That’s Eli Kintisch on the left, receiving the first annual Space Journalism Prize from founder Sam Dinkin at the International Space Development Conference in Washington last May.
Sam had this radical idea that all the space journalists should band together to keep each other up to date on developments in the field, exchange ideas on how to cover the big stories, and generally harness the power of the press to help boost the new commercial space industry. Read all about it in Sam’s essay for The Space Review.
Sam put his money where his mouth was by fronting the first $1,000 Space Journalism Prize out of his own pocket. Poor Eli thought maybe he was the victim of an elaborate practical joke; he could hardly believe someone he didn’t know would give him a fist full of cash just because his X Prize coverage for the St. Louis Post Dispatch was among the best reporting on commercial spaceflight last year. I enjoyed his reaction, and then I took this photo.
Sam also collected contact info for many of the top space journalists, and then sent the list to me and a couple of others to organize. It’s the beginning of what could become a powerful force in the new industry; the press has a lot of influence on public opinion, and hence the cash flow and legislation that will drive the industry.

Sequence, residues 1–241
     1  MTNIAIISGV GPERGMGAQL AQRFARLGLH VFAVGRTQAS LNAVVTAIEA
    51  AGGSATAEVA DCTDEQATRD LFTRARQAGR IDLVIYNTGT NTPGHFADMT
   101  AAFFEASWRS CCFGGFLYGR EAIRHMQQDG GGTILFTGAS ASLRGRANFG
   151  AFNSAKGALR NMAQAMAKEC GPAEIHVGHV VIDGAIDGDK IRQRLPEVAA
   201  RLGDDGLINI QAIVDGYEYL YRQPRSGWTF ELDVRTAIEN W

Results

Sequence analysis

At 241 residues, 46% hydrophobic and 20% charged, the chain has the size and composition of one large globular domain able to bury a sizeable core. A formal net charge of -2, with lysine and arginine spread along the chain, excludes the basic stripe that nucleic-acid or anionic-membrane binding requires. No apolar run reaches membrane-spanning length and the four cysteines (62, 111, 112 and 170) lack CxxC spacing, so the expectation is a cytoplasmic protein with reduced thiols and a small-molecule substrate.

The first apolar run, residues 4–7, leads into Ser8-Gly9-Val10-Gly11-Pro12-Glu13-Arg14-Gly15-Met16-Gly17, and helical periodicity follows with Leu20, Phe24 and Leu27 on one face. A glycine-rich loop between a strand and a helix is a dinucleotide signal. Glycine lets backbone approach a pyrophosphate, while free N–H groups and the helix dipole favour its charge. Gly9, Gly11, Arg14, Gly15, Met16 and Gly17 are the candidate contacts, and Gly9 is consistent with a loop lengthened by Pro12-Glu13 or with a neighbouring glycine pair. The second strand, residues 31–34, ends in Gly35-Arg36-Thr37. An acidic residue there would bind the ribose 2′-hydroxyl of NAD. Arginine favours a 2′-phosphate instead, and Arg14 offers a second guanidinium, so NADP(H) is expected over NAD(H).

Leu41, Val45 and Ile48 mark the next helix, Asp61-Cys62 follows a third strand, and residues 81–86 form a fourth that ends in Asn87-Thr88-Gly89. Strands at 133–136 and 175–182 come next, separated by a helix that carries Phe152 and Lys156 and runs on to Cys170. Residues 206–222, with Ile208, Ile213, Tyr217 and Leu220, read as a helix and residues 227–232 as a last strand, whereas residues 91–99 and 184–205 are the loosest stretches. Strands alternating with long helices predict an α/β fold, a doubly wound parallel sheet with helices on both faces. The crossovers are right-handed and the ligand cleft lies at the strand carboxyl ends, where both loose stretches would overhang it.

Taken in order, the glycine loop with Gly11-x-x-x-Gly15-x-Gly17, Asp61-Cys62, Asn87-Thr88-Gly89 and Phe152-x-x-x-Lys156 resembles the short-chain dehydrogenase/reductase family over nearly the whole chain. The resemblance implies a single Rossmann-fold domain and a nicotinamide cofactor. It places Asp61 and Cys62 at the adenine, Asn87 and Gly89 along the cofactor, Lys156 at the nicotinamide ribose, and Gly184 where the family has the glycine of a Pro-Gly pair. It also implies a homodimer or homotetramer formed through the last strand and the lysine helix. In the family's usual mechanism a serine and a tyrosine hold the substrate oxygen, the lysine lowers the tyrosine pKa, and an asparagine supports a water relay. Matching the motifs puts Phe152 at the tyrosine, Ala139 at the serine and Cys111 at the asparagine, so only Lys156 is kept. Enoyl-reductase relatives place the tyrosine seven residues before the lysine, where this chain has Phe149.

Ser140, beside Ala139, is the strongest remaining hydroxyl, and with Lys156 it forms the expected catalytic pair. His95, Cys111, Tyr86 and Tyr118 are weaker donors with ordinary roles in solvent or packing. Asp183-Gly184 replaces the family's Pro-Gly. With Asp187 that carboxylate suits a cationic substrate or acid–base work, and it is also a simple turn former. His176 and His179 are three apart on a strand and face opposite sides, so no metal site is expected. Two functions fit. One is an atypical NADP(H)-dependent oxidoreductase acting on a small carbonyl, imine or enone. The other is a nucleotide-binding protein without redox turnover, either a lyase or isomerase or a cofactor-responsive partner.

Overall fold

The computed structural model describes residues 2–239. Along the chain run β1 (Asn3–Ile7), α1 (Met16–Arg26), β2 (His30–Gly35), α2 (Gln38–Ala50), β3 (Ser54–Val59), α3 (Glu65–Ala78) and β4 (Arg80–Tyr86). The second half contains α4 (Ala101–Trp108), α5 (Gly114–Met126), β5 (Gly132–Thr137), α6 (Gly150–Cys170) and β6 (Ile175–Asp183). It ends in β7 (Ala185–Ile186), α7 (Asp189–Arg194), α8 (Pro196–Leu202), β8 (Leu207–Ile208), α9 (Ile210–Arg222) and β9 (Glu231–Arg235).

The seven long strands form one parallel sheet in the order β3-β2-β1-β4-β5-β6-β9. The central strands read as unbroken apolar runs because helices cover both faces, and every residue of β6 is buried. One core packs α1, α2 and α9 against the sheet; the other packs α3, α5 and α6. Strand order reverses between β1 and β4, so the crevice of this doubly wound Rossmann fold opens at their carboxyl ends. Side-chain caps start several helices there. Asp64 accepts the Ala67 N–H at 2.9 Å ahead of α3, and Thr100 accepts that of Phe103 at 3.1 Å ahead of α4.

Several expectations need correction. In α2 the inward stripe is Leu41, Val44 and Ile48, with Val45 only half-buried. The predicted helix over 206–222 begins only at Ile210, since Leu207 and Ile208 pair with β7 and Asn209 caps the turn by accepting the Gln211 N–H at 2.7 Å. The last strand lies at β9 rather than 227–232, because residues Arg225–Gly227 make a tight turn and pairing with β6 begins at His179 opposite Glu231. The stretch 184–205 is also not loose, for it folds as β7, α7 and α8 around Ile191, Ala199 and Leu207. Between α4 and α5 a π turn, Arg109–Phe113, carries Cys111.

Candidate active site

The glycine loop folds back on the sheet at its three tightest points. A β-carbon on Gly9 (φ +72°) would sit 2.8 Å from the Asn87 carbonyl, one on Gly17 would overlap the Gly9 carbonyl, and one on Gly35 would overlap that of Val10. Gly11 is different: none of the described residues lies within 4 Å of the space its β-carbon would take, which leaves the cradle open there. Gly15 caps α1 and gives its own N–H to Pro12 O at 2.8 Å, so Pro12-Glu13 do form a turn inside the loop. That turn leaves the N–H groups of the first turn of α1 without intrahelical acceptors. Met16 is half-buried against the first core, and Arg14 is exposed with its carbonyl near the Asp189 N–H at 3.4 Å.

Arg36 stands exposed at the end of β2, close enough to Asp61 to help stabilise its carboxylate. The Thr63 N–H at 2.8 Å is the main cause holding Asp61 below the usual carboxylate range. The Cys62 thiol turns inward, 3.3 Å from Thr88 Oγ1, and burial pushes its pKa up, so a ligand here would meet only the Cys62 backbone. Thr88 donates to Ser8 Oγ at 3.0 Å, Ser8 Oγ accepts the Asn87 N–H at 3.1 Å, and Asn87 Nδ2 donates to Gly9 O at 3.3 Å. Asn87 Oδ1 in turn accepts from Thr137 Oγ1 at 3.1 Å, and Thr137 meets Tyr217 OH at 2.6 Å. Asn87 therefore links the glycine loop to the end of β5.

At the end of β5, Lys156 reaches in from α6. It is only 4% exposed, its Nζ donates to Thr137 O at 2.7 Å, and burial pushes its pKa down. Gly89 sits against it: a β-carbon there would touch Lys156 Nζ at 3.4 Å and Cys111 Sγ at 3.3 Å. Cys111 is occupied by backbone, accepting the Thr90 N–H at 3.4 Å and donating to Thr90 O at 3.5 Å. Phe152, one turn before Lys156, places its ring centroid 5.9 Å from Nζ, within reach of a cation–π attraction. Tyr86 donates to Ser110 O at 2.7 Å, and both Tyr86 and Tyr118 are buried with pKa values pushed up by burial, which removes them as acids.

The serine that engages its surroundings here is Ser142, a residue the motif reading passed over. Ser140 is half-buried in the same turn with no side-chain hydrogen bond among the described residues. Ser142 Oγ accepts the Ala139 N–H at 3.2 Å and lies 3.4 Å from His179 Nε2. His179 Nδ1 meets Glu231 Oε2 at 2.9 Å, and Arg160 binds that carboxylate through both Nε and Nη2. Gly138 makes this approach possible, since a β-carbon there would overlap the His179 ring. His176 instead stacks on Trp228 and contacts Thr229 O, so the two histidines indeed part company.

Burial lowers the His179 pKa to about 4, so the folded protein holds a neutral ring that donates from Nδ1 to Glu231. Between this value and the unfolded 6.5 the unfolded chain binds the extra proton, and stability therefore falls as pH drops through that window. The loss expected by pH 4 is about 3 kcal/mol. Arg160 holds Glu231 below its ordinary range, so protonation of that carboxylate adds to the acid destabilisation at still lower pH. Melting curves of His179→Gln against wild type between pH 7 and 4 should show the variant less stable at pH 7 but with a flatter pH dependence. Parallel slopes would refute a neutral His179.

For instance, when (not if) the first fatality happens in commercial space, overly sensational coverage could doom the industry even as it gets off the ground. On the other hand, thoughtful reporting will put it in proper perspective as the normal, if tragic, growing pains of a new industry. The Space Journalism Association could help shape the direction of such coverage starting now, before a crisis hits.
When I was trying to get a science fiction writing career off the ground a few years ago, I used to dream about the old days, back in the ’30s and ’40s, when Asaac Asimov, Ray Bradbury, and the other giants of the field first started meeting regularly. If only I could have been around then, I thought. My dream has come true; I get to be one of the few shaping an organization that young bloods coming up in 10 or 20 years will clamor to join. It’s a heady feeling.